I havent researched the Sig Mosquito but I know that my rimfires (10/22 and CZ 452) are safe so I dont worry about it.

E Pluribus Unum
05-13-2011, 9:49 AM
Not true. A CZ52 will work harden its firing pin and eventually break it if you dry fire without a snap cap. Not a good idea to dry fire old revolvers with fixed firing pins too unless using a snap cap

I've never seen, nor have I ever heard of a problem dry firing center-fire weapons. You may be correct about "old revolvers" and "CZ52"s because I am not familiar with these models. Suffice it to say that 99.99% of the rest of the center fire guns are perfectly fine to dry-fire.

M4rk
05-13-2011, 2:44 PM
so, is it bad for .22 to dry fire?

AAShooter
05-13-2011, 2:47 PM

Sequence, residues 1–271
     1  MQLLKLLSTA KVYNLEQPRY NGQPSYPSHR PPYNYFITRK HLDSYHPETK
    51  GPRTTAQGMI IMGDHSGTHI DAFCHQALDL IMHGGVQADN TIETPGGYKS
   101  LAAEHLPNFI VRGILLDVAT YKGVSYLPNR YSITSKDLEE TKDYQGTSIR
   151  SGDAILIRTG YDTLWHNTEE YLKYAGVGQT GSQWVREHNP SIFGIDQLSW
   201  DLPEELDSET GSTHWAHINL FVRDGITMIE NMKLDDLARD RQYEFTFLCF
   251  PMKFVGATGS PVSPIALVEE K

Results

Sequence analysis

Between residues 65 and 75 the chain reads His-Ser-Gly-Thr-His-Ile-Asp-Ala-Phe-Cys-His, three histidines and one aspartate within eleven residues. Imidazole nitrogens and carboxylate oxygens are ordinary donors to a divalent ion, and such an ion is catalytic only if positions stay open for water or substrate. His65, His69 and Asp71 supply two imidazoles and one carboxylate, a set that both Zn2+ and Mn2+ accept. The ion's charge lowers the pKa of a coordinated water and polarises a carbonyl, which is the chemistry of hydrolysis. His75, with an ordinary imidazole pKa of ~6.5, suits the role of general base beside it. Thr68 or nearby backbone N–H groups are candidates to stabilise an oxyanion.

Check with the manufacturer but generally dry firing a rimfire gun is not recommended.

E Pluribus Unum
05-13-2011, 2:54 PM
so, is it bad for .22 to dry fire?

Generally speaking... yes.

Cokebottle
05-13-2011, 6:04 PM
You already precisely defined what dry firing is (in bold). Damage occurs when there is nothing for the firing pin to hit. Snap caps give the firing pin something to hit.
Actually, the problem is not when the pin has nothing to hit, the problem is when the pin hits the wrong thing.

Remember... Centerfire, the pin strikes the primer in the center of the chamber.
No primer, "click"

Rimfire, the pin strikes the edge of the cartridge.
Without a cartridge (or snap cap), the pin will hit the edge of the chamber. Enough strikes and it will peen the edge of the chamber and cause feed problems.

dangerranger
05-13-2011, 8:19 PM
I dont dry fire my center fire guns either. it promotes firing pin breakage. any kind of snap cap will allow firing without any strain on the pin. I dry fire [ with a snap cap ]hundreds of time a week when working up to a match. DR

Izzy43
05-14-2011, 10:31 AM
No Kidding? Huh... I will have to give that a try!